China's Communist Party Forces Christians to Replace Jesus With Xi Jinping Posters

China's president Xi Jinping makes a point with his right hand, smiling.

Under President Xi Jinping, China's Communist Party is cracking down on religious freedom in rural areas. Christians in southeast China have complained that the local poverty relief program will withhold funds unless families remove posters of Jesus, crosses, or gospel couplets and replace them with pictures of Xi.

"Many rural people are ignorant. They think God is their saviour. ... After our cadres' work, they'll realise their mistakes and think: we should no longer rely on Jesus, but on the party for help," said Qi Yan, chairman of the Huangjinbu people's congress in southeastern Yugan county and the person in charge of the poverty relief drive.

Local officials boasted on a local social media account about converting Christians (about 10 percent of the population in Yugan county) into believers in the party. They bragged about having "melted the hard ice in their hearts" and "transformed them from believing in religion to believing in the party."

The social media post mentioned that more than 600 villages had "voluntarily" gotten rid of the religious texts and paintings in their homes and replaced them with 453 portraits of Xi, the South China Morning Post reported. The social media post disappeared a few days after it was posted, but local officials and villagers confirmed the campaign did take place.

A local man in Yugan with the last name Liu said that in recent months his fellow villagers had been ordered to remove religious artifacts from their homes. "Some families put up gospel couplets on their front doors during the Lunar New Year, some also hang paintings of the cross," Liu told the Morning Post. "But they've all been torn down."

Liu insisted that many did not tear down their posters willingly. "They all have their belief and, of course, they didn't want to take them down. But there is no way out," he said. "If they don't agree to do so, they won't be given their quota from the poverty-relief fund."

Qi, the official, insisted that the funds were not contingent on recipients removing the posters. "We only asked them to take down [religious] posters in the centre of the home. They can still hang them in other rooms, we won't interfere with that," the official said. "What we require is for them not to forget about the party's kindness at the centre of their living rooms."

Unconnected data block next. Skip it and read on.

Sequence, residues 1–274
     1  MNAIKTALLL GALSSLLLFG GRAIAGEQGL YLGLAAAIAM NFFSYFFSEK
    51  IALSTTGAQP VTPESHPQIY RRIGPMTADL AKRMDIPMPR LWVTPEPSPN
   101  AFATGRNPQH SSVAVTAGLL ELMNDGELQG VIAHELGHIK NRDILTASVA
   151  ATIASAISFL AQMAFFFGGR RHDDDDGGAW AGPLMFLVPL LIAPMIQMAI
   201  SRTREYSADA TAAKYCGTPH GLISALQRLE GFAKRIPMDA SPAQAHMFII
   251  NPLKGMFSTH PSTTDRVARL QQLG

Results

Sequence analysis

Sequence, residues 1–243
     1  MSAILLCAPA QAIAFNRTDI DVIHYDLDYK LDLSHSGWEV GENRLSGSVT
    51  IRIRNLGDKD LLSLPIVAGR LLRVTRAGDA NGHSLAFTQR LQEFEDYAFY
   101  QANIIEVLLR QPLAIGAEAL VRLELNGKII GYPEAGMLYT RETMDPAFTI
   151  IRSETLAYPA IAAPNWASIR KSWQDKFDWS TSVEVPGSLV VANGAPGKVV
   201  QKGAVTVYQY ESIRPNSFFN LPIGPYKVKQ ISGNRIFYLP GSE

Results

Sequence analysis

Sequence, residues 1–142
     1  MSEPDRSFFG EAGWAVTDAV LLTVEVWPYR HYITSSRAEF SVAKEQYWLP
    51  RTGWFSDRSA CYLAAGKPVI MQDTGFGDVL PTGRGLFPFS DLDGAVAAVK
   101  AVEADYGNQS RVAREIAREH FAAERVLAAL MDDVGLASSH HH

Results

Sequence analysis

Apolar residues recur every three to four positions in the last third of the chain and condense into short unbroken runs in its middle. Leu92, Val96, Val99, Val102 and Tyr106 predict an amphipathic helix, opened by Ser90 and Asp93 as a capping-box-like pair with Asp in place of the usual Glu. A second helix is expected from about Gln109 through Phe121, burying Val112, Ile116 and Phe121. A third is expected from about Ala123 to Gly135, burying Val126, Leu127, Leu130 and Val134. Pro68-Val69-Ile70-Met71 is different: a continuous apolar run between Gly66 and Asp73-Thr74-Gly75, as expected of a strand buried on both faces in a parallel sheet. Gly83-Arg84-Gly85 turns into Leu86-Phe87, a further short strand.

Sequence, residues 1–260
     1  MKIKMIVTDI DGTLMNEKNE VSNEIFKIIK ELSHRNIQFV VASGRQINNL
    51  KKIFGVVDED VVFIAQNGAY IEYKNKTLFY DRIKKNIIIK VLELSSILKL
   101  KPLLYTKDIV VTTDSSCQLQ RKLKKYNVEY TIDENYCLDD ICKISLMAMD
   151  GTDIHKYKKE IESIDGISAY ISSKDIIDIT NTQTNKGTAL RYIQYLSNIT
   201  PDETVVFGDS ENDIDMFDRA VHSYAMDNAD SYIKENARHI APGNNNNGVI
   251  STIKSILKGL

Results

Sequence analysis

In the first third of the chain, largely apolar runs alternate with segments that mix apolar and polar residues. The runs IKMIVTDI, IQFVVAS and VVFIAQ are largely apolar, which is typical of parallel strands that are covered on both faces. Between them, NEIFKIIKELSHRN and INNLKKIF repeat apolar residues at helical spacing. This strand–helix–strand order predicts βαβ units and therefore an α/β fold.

"They still have the freedom to believe in religion, but in their minds they should [also] trust our party," the official declared. Christians can believe in their religion, but the Communist Party's "kindness" must be commemorated "at the centre of their living rooms."

Qi framed the entire project as a way to combat poverty in rural China, a key goal for President Xi. "Many poor households have plunged into poverty because of illness in the family. Some resorted to believing in Jesus to cure their illnesses," he explained.

"But we tried to tell them that getting ill is a physical thing and that the people who can really help them are the Communist Party and General Secretary Xi," the official added. Christians do believe that faith in Jesus can cure diseases, but most also accept modern medicine, believing that God can work through science and technology as well.

Qi explained that Huangjinbu is home to about 5,000 or 6,000 Christian families, about a third of the total Christians in Yugan. He said the township government had distributed more than 1,000 portraits of Xi, all of which had been hung in residents' homes.

This is far from the first time China under Xi has cracked down on religious freedom. In April, the Communist Party banned the use of Islamic names like "Jihad," "Islam," and "Mohammed" in Muslim-majority Xinjiang province. In September, it became clear that the party had effectively banned performances of Handel's "Messiah."

In 2015, China's Communist Party removed crosses from atop Christian churches for "safety reasons." They further claimed that pastors and church leaders "are very supportive" of the removals...

In October, Xi told the Communist Party Congress that religion should be "Chinese in orientation." At that congress, Xi's communist doctrine became enshrined in the party's constitution, putting him on the same level as notorious Communist dictator Mao Zedong.

China's Christian population may now outstrip the membership of the Communist Party. According to sociologist Rodney Stark and co-author Xiuhua Wang in A Star in the East: The Rise of Christianity in China, there has been a 7 percent increase in Christians every year in China. In 1980, there were approximately 10 million Christians there. In 2007, that number had climbed to 61.1 million. By 2030, they estimated, there will be 294.6 million Christians — nearly the entire population of the United States.

Current estimates suggest there are 100 million Christians in China, while there are only about 90 million members of the Communist Party.